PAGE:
We had a lively 4 player session the other night, to test out the new action selection system. The game wasn't significantly shorter as hoped, but several of us are slow, deliberate players anyway, so it's difficult to say for certain. The new mechanic was a success and was well received. The ability to choose two abilities creates interesting situations. For example, I know I can initiate up to 3 combats each generation, but only once each can I pair combat with the migrate (lets me move warriors AND peasants), raid (lets me move warriors only, and loot resources) and produce (grab bonus resources from one territory) actions. That means each use of the combat action will give me slightly different abilities, and I have to plan carefully if I expect to need to fight multiple times in a given generation. And most of the abilities, especially build and advance, have similar considerations.

Overall, the session was a good success, and the final scores were very close (44/41/33/32), with the winner determined by the game end bonuses. I anticipate only two small changes prior to the next session (no Events in the final epoch, and don't reshuffle the Events until the deck is fully depleted). The newly rebalanced scoring cards seem to be producing fairly close games, and none of the payouts seem too generous or too stingy so far.

One concern a player brought up: since Roads homogenize the trade route landscape so much, does "Trade Routes" make sense as a scoring category? Will players be very differentiated in this, or can any player basically score the same as anyone else? Something to watch for.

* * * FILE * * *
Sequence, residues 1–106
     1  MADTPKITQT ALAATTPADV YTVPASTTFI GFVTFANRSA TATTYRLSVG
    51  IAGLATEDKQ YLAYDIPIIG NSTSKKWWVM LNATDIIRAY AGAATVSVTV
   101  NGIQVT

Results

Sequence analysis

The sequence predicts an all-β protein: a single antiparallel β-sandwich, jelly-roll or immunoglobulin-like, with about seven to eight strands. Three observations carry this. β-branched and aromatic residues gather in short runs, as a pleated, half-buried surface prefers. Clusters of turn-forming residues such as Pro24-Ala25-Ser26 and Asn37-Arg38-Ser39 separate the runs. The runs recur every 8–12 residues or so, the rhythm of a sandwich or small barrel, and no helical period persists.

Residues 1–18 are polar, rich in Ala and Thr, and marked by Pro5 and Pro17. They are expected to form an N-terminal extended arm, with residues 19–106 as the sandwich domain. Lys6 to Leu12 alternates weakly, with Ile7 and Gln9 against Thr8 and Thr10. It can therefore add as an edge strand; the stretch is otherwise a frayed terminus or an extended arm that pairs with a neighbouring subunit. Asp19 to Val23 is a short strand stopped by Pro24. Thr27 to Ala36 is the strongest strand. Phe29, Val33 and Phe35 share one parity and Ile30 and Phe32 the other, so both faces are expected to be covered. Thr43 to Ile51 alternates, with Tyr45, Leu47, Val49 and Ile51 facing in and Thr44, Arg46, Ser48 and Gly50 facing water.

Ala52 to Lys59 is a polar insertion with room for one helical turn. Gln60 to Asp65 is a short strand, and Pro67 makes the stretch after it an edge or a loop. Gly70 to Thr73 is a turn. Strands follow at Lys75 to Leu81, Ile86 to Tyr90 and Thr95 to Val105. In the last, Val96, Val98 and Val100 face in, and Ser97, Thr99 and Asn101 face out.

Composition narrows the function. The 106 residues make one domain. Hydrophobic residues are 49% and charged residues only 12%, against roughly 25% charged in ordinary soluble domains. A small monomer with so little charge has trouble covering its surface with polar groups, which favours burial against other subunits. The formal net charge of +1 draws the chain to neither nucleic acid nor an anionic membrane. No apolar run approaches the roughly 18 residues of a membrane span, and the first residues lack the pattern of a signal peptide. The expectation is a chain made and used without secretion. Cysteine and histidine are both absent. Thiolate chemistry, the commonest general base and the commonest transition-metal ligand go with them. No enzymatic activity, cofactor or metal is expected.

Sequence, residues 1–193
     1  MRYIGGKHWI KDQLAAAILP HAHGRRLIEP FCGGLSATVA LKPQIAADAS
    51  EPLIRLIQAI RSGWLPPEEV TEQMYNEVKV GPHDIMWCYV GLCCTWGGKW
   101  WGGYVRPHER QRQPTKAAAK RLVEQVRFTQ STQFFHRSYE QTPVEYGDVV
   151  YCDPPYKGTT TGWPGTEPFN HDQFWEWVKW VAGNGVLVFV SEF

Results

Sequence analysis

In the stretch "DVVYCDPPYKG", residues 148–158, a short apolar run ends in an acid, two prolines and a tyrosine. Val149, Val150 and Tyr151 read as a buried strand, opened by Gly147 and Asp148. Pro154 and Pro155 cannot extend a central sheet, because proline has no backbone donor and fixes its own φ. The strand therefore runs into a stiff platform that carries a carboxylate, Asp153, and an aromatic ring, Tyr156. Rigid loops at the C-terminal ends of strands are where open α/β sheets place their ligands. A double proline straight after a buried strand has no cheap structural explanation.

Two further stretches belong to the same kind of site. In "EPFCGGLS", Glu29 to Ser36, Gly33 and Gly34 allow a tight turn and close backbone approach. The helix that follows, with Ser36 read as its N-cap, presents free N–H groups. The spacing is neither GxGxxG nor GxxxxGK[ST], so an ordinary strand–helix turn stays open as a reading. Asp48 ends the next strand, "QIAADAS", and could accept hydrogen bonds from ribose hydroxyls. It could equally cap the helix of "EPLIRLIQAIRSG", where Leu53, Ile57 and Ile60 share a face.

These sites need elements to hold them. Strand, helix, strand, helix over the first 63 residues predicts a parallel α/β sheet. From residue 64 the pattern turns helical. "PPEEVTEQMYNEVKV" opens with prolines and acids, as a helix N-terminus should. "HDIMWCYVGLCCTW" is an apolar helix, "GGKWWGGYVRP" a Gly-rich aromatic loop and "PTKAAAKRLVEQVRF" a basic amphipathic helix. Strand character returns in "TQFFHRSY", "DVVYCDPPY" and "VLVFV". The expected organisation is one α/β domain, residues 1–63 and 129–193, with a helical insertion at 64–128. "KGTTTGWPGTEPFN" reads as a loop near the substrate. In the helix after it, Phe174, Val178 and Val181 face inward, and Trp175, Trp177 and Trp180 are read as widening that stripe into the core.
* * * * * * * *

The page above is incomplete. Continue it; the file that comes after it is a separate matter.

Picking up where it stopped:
A report on the session has been placed in the DropBox folder.

Saturday, May 15, 2010

Solo testing and some changes

My wife has been away this week and I've solo tested the game several times to try out a new action selection system. Instead of the prefect abilities laid out in a 4x2 grid, they're now arranged in a 3x3 grid (Raid and Conquer functions are now split over 2 prefects). Instead of choosing one action each turn, you choose two, but they have to be adjacent in the grid. It speeds things up a bit, because naturally related actions (eg populate-produce, or migrate-conquer) are placed together in the grid.

I've also managed to streamline some of the bureacracy, by giving each player an abacus to track resources, by having achievement token payouts hard-wired into the action display, and by cleaning up the way events work.

And, some of the fiddly rules are removed or relocated. One of the biggest culprits was the definition of a "trade route". Now, it's simply a city or capital adjacent to a foreign city or capital. The details about citizens in an isolated city or foreign citizens in your capital is removed, BUT the effect is still present in this way: when you produce and receive achievement tokens for your trade routes, if another player has a citizen in one of your cities or capital, he gets a token too. Several other systems have similarly been cleaned up.

My solo tests seem to be taking about an hour per epoch for 4 players, and that's with me playing all 4 positions. Real players in all 4 seats might be able to go much faster. An hour per player isn't too bad but 45 minutes per player would be even better.

Thursday, April 29, 2010

Yet another 3 player playtest

It seems like we can only ever find three of us at a time to play the game. Anyway, we tried out a new rule whereby the cost to build structures is your Unrest + the building's level, instead of the product of the two. The goal was to prevent easy building of everything in your hand, but also to make high levels of unrest less crippling. It more or less worked, but a couple of events made the overall vector of the game a bit screwy. I'll post the session report in the game's DropBox folder.

We played 3 epochs (we chose to forego the fourth since the eventual winner was obvious and it was getting late), with each epoch taking about an hour. This seemed acceptable but one of the players brought up the issue of downtime. I've begun to think about how to address that. I have come up with a fairly substantial change that would rework the turn structure. I'm running it through solo tests now and it seems interesting so far.